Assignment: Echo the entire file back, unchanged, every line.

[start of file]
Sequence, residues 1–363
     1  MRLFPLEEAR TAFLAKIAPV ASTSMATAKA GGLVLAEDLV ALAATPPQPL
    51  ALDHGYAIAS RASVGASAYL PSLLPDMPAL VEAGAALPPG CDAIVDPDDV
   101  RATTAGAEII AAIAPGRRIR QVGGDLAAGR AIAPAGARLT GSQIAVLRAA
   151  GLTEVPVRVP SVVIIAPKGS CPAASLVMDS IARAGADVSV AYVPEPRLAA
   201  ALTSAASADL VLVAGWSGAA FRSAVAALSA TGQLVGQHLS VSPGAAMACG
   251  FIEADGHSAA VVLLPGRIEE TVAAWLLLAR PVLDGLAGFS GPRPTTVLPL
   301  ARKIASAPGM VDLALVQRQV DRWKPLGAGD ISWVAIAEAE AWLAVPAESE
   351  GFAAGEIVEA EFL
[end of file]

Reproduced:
Sequence, residues 1–363
     1  MRLFPLEEAR TAFLAKIAPV ASTSMATAKA GGLVLAEDLV ALAATPPQPL
    51  ALDHGYAIAS RASVGASAYL PSLLPDMPAL VEAGAALPPG CDAIVDPDDV
   101  RATTAGAEII AAIAPGRRIR QVGGDLAAGR AIAPAGARLT GSQIAVLRAA
   151  GLTEVPVRVP SVVIIAPKGS CPAASLVMDS IARAGADVSV AYVPEPRLAA
   201  ALTSAASADL VLVAGWSGAA FRSAVAALSA TGQLVGQHLS VSPGAAMACG
   251  FIEADGHSAA VVLLPGRIEE TVAAWLLLAR PVLDGLAGFS GPRPTTVLPL
   301  ARKIASAPGM VDLALVQRQV DRWKPLGAGD ISWVAIAEAE AWLAVPAESE
   351  GFAAGEIVEA EFL